When Afton Higley came with her husband, Edwin, to the Museum of Church History and Art Feb. 13 to volunteer her services, she hardly could have anticipated the reception that they received.
The Higleys were met at the door by museum director Glen M. Leonard, who took them to a conference room, showered them with gifts while the staff of 25 employees applauded, and then personally guided them on a museum tour.Sister Higley was the millionth visitor to the museum, which will celebrate its fifth anniversary in April. Her husband was the million and first.
The Higleys are members of the Clearfield (Utah) North 12th Ward.
"No one's going to believe this!" Sister Higley exclaimed as Leonard presented the couple with an array of gifts: a copy of each catalog published by the museum in connection with its exhibits through the years; a copy of the most popular art print sold at the museum store, "Girl Among the Hollyhocks" by John Hafen; a plaque marking the visit of the 1 millionth visitor, inscribed with the date, Feb. 13, 1989; and a reproduction of an antique honey dish.
The Higleys, it turned out, have their own bees in Clearfield. But Sister Higley said she will probably fill the dish with candy instead of honey.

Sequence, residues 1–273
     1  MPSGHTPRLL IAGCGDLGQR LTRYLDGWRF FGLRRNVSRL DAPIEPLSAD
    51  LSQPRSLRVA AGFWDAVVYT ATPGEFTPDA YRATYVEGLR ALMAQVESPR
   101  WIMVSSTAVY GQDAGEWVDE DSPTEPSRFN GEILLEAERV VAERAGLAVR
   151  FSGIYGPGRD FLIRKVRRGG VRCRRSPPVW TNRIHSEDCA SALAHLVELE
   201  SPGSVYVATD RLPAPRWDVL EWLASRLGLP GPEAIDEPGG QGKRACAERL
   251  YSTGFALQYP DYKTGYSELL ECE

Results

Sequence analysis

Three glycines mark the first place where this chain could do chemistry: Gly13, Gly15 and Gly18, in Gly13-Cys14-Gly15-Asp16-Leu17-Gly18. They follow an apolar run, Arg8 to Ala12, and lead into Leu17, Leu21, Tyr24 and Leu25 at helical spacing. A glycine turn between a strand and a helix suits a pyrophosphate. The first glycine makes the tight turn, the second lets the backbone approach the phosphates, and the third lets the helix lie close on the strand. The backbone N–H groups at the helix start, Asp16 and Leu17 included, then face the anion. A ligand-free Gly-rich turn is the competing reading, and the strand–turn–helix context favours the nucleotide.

It was the couple's first visit to the museum.
"Somebody told us how nice it was and we thought we ought to come visit," said Higley, a former bishop.
But that was not the only reason the Higleys came. Hardly had Leonard introduced himself before Higley asked if there was something at the museum his wife could do as a volunteer. He has a downtown business, he explained, and it would be convenient for his wife to ride with him to Salt Lake City from Clearfield.
Leonard, of course, was delighted to have another museum volunteer. A staff member who lives in the same area as the Higleys offered to give her a ride whenever she does not come into Salt Lake City with her husband.
It is safe to say the Higleys felt they were among friends on their first museum visit.
The museum, located at 45 N. West Temple across the street from Temple Square, opened in April 1984. Exhibits are drawn from a collection of about 60,000 objects, art and historical artifacts pertaining to Church history and culture from around the world.